The sweet strawberry strikes a balance


Strawberries don't wait for you to find them. They beckon. Their botanical name, Fragaria, means fragrance, and it's their sudden perfume in farmers markets that signals the start of a new fruit season. From this month through June, they're at their sweetest, with that unique combination of firmness, seedy interest and juice.

One has to study the plant's caning habit in the ground to appreciate its standing as a member of the rose family. Like the flowers, they've been bred to emphasize qualities we relish. The berry we eat is the result of a marriage of two American species, Chilean and Virginian, which for obvious geographical reasons never hybridized in the wild, but which met in an 18th-century French garden and were crossed for the table.

The Virginian brought flavor and color, the Chilean size. As hundreds of commercial cultivars have been developed around the world, breeders still struggle to find the right balance between the two. The bigger a strawberry gets, the more careful one should be checking for flavor before paying $3 a pint. Too often the flavor is on the surface, with the red skin and carpet of often yellow seeds, while the bulk of the berry is white and tasteless.

A really good strawberry will be red almost to the center and highly perfumed, and - don't laugh - will taste of pineapple, except without that tropical fruit's pitched sugars and acids. The French were so struck by the similarity, they named the table strawberry Fragaria x ananassa, ananassa meaning pineapple.

Since that original French masterstroke of dessert-making in the garden, any number of "fragrant pineapple" cultivars have been developed.

The Los Angeles Times is a Tribune Publishing newspaper.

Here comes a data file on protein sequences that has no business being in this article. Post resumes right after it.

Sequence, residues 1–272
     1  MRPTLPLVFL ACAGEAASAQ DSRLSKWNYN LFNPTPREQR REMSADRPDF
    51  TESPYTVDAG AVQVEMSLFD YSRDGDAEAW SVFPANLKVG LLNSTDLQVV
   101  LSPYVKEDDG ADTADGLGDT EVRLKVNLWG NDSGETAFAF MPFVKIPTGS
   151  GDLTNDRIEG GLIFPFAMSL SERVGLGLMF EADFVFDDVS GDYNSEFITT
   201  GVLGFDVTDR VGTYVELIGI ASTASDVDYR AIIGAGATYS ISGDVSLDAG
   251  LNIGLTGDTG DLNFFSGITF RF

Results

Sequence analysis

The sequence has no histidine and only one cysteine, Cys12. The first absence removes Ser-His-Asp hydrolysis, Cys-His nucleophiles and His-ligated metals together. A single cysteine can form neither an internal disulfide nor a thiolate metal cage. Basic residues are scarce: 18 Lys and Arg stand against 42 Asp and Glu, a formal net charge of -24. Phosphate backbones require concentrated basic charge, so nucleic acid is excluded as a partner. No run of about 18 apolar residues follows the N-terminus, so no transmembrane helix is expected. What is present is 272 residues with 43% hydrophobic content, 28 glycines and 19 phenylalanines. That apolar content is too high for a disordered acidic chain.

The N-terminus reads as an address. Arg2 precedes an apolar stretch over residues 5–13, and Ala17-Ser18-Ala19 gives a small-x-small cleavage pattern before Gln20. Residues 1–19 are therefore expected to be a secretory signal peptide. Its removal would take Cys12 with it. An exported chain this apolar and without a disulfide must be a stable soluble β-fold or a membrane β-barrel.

Slow-Cooked Strawberry Preserves

Total time: 4 to 5 hours, plus several hours or overnight standing

Makes 9 to 12 cups

12 pint baskets (1 flat) strawberries

2 cups sugar (3 for tart berries)

Juice of 1 medium-sized lemon

Rinse the berries without submerging them in water. Remove the hulls, leaving the berries whole. Combine the berries, sugar and juice in a nonaluminum bowl. Allow the berries to macerate at room temperature, stirring occasionally, for at least 3 to 4 hours. The mixture can be covered and refrigerated overnight at this point.

Divide the berries and the juice (it will yield approximately two pints) in equal proportions into 2 or 3 wide, shallow pans - a large copper-bottomed risotto pan or cast-iron enameled pot is good. If using a thin pan, use a heat diffuser to avoid hot spots. Bring the mixture to a boil over high heat, skim the foam that collects on the surface, then reduce the heat to low. Make sure bubbles continue to break the surface. Stir the mixture gently, pushing the berries in a gentle circle, taking care not to slice through them or break them up. Part of the charm of the jam is the proportion of whole berries.

After about 20 minutes, the berries will give up additional juices and appear to be floating. Press them with a wooden spoon and skim off foam, placing the foam in a bowl near the stove. As the foam juice collects, skim it, and return the red juice to the pan. Continue cooking the berries, stirring and skimming occasionally for 3 to 4 hours. The cooking time will vary depending on the berries, the amount of sugar, the type of pan and the heat from burners. The jam is almost done when it turns dark red, the ratio of berries to juice is about equal and it begins to coat a wooden spoon.

At the end of 3 hours, tart berries cooked with more sugar should be done. It might take closer to 4 hours for berries cooked with the lesser amount of sugar. If necessary, after 4 hours, raise the temperature to quickly cook off excess water, stirring to prevent scorching. To test for how the preserves will set, put a spoonful on a frozen plate and see how it gels. Turn off heat and can in the usual way, or allow to cool and refrigerate and use within several days.

Each tablespoon: 27 calories; 0 protein; 7 grams carbohydrates; 1 gram fiber; 0 fat; 0 saturated fat; 0 cholesterol; 0 sodium

-Recipe and analysis from the Los Angeles Times

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